- Smoking: That was a hard no for us. We had someone smoking outside day 1, but of course that immediately comes in the giant open holes in the house. They immediately addressed that issue when we brought it to their attention. I can’t blame the company on that one since we never discussed it and the took care of that quickly.
- Incidentals: Food, water, paper towels? We opted to leave out plastic cups, a bowl of candy, and paper towels instead of fancy hand towels in the bathrooms. We heard that the crew felt bad using nice towels to dry their hands. None of these are required but it is good to lay out which items are for their use so no one feels like you are overstepping bounds.
- Access to the property: Do you feel comfortable giving them a key? One day we forgot to leave ours and they just removed a window and let themselves in. No harm done but did make us smile at the ingenuity.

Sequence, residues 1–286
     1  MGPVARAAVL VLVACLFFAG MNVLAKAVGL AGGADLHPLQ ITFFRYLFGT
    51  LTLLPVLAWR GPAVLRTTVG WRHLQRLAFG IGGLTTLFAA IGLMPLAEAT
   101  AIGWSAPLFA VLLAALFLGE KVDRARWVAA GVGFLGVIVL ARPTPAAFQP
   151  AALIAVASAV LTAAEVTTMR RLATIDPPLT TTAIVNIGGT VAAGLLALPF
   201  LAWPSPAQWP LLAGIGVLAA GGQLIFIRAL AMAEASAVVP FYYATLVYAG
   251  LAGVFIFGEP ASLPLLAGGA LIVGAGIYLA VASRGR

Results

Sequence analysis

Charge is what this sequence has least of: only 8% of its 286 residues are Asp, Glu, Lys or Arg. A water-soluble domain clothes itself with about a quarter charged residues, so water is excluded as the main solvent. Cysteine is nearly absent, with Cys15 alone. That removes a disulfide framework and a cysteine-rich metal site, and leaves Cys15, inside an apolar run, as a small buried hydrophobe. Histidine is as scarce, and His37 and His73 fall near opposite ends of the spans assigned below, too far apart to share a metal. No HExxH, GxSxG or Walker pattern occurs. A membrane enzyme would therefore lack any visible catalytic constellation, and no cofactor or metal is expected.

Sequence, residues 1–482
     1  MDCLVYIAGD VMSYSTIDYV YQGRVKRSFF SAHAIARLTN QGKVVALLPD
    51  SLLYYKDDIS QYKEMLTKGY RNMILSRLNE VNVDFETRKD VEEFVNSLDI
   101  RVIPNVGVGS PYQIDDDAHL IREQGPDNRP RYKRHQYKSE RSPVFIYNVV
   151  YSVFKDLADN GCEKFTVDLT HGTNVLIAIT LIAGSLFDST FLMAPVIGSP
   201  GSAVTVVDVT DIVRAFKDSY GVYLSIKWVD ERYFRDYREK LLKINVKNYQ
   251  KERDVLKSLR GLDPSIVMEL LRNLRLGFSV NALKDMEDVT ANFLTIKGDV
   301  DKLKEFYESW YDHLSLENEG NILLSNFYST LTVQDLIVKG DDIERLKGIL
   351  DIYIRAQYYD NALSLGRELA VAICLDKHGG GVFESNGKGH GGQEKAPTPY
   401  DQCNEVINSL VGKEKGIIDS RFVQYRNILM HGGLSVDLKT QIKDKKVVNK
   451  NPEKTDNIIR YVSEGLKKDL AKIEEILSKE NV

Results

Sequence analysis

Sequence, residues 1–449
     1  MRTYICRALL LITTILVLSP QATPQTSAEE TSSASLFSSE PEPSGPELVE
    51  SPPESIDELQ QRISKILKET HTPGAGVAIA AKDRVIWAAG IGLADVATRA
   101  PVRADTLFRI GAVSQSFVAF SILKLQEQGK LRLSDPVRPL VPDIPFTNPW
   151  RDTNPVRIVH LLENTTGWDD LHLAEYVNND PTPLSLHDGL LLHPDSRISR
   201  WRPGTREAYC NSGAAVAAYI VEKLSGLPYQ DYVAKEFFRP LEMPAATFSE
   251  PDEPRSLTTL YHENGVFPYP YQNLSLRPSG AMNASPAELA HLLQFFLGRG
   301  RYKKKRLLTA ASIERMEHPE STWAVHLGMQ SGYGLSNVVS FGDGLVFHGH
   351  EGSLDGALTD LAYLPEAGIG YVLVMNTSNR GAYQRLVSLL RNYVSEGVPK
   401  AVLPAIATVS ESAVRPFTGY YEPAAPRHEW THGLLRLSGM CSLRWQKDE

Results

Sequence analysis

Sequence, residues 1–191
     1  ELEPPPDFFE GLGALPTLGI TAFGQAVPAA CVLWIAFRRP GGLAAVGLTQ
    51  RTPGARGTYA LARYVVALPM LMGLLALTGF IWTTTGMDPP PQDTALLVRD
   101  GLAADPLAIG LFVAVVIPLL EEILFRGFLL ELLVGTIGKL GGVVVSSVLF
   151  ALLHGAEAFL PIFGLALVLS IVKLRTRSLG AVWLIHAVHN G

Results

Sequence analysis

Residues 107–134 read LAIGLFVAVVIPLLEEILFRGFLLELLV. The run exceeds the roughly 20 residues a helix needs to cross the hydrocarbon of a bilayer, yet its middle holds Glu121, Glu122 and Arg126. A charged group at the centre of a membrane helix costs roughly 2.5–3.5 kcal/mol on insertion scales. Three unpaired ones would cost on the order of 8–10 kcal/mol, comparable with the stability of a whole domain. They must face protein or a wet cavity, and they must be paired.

- Installation time frames: We went and talked to all the neighbors before the window crew arrived. They knew to expect hammering and noise. That it would be starting after 8 am and done before 7pm. We also made sure that it was okay for them to work on the weekend with a later starting time on Sundays. The crew was very happy with our prep work. They have had to deal with neighborhood complaints at other projects when neighbors were not aware of how short the installation process would be.
In hindsight these incidental damages and cleaning all seem acceptable. BUT on Day 1 I can say we were very unhappy campers when we came home to see all the mess and work it had caused. Managing both the replacement window company’s and our expectations would have started off the project on a much better footing as it was clear they got annoyed with us and assumed we were being overly picky.